Loud blasts of sound from the sonar systems of Navy ships are killing and disorienting whales and other marine mammals and should be far more strictly limited, an environmental group argued in a federal lawsuit filed yesterday.
The suit, filed in California by the Natural Resources Defense Council, charges that routine use of mid-frequency sonar in Navy training and testing is illegal under federal law and is needlessly harmful.
The group sued the Navy over its use of low-frequency sonar in 2002 and negotiated a settlement limiting its use. The new suit calls on the Navy to make changes to its far more extensive use of mid-frequency sonar, as well.
"Military sonar needlessly threatens whole populations of whales and other marine animals," said Joel Reynolds, a senior attorney at NRDC. "In violation of our environmental laws, the Navy refuses to take basic precautions that could spare these majestic creatures."
Lt. William Marks, a Navy spokesman, disputed NRDC's assertions, saying that "the Navy complies with the law. We recognize that active sonar testing and training must be accomplished in an environmentally sound manner."
The suit does not ask the Navy to stop using sonar -- which tracks submarines -- but to limit its use in testing and training, and to be more careful about where and when it gets turned on. Certain whale species are known to be especially sensitive to sonar noise, and their habitats and migration patterns are often known and can be avoided, the group said.
Scientists remain unsure how harmful sonar may be, but both the Navy and the National Oceanographic and Atmospheric Administration concluded that mid-frequency sonar caused a mass stranding of whales along a narrow channel in the Bahamas in 2000. There have since been similar strandings during Navy exercises off Hawaii, the Canary Islands, Washington state and North Carolina, but there is disagreement over whether sonar was responsible.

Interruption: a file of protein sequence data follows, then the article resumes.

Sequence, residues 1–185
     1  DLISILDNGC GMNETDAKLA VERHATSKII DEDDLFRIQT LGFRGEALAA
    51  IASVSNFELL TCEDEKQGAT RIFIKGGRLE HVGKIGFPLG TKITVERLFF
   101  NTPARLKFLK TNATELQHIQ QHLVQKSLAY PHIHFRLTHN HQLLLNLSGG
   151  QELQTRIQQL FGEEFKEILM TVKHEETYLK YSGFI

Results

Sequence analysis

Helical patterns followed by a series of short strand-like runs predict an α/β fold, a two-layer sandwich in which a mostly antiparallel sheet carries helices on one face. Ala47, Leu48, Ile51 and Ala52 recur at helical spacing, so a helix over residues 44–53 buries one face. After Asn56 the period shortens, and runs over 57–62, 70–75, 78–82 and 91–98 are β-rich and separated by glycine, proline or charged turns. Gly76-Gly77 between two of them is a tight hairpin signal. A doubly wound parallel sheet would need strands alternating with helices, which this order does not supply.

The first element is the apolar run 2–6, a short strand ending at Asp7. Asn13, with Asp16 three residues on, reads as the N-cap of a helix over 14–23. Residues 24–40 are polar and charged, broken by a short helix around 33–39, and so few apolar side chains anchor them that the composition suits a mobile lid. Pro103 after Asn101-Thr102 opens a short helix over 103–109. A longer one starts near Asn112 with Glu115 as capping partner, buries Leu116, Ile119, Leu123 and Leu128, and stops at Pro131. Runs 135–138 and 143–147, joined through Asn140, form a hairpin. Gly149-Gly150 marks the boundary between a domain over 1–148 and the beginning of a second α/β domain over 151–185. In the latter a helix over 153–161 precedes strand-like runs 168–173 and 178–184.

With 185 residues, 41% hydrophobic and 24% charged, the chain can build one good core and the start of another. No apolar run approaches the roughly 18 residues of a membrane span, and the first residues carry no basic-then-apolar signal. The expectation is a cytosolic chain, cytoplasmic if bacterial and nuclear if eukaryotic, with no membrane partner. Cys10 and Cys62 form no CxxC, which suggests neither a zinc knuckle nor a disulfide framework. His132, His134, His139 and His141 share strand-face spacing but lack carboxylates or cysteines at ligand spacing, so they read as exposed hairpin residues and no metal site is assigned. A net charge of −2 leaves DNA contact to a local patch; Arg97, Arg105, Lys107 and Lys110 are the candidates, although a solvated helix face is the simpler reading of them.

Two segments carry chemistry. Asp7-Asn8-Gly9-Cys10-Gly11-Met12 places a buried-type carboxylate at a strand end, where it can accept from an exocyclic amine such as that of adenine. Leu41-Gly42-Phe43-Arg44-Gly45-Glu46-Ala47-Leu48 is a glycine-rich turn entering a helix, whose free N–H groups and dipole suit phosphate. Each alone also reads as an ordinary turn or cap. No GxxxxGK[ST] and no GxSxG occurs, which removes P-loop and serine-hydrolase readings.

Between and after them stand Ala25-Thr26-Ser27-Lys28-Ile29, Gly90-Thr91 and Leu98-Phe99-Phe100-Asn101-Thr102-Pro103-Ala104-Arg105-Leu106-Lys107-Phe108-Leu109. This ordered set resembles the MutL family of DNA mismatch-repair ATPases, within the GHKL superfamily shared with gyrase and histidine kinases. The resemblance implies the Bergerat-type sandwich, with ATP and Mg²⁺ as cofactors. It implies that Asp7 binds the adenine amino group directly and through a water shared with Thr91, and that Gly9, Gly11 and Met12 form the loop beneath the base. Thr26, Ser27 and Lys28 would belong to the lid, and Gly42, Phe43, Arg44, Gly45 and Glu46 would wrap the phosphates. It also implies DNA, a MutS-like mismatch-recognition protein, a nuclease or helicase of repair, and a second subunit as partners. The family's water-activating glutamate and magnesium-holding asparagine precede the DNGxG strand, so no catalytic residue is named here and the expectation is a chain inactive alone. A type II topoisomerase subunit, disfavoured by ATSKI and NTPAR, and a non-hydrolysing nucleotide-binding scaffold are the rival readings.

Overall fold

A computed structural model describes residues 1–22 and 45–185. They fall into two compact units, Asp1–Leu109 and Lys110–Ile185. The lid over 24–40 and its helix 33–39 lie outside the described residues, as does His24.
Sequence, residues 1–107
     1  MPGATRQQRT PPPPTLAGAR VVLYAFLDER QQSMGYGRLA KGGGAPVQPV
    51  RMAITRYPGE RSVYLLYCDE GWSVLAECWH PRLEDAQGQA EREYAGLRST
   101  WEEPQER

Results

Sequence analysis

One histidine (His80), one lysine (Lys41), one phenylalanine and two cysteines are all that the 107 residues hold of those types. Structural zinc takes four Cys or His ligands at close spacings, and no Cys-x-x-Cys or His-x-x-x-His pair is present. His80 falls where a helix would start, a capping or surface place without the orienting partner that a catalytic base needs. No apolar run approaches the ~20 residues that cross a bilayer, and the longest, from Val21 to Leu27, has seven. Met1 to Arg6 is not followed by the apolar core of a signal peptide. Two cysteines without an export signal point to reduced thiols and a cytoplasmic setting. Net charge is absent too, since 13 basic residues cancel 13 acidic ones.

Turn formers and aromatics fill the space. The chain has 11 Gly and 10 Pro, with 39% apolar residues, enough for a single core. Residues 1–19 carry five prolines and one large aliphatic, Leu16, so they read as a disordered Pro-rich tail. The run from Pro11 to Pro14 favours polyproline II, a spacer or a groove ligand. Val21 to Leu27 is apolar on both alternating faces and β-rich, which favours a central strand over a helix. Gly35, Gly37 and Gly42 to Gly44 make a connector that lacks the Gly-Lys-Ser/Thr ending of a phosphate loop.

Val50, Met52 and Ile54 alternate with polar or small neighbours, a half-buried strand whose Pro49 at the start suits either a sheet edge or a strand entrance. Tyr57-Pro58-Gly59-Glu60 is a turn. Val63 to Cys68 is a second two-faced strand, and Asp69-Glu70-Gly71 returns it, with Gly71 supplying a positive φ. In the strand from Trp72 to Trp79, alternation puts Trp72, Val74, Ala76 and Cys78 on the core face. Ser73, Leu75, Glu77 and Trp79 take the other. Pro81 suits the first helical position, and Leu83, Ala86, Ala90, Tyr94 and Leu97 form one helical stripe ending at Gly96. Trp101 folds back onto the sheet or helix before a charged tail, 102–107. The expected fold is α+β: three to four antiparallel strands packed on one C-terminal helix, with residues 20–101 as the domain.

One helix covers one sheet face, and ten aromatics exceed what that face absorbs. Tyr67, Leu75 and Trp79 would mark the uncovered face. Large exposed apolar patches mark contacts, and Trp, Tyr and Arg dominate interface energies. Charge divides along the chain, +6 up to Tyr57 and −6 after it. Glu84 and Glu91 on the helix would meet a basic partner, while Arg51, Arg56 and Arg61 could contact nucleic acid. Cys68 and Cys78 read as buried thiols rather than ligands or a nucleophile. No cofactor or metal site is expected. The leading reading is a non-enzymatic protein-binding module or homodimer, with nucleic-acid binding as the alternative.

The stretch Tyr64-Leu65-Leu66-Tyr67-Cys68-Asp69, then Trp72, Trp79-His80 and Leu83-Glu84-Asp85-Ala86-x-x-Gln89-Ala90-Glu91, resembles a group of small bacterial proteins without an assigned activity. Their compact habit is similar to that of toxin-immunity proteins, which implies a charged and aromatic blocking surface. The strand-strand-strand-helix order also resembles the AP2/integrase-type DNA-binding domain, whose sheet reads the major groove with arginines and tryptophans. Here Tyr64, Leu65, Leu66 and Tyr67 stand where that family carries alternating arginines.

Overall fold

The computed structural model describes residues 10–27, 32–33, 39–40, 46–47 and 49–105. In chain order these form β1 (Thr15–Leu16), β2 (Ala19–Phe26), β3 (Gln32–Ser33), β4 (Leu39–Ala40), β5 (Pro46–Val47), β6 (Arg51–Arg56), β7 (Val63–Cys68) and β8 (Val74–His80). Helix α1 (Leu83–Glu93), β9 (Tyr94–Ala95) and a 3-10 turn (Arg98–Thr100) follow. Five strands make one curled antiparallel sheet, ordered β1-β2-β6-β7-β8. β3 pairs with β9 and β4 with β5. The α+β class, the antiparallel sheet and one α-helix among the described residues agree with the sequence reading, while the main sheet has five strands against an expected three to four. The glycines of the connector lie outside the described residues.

NRDC has also sued NOAA seeking information about the January 2005 stranding of 37 whales in North Carolina, near an area where the Navy wants to establish a sonar testing range. The group said NOAA supplied some documents but not the key necropsy results.
The agency initially said the inquiry would be completed by summer, but Donna Wieting, deputy director for protected resources for NOAA fisheries, said yesterday it is now expected to be finished by January. She said NOAA is conducting tests to determine what drove the animals ashore, and sonar noise is among the possible causes.
NOAA lead veterinarian Teri Rowles said the inquiry has been complicated by the fact that other "die offs" of individual marine mammals have occurred in the past year in the same region.
Marks said that the Navy cooperated with NOAA's inquiry and that its own review found that no Navy ships were using active sonar within 50 nautical miles during the four days before the animals were found.
In a statement, NRDC and four other groups that joined in the suit said mid-frequency sonar can emit continuous sound well above 235 decibels, roughly comparable to a Saturn V rocket at blastoff.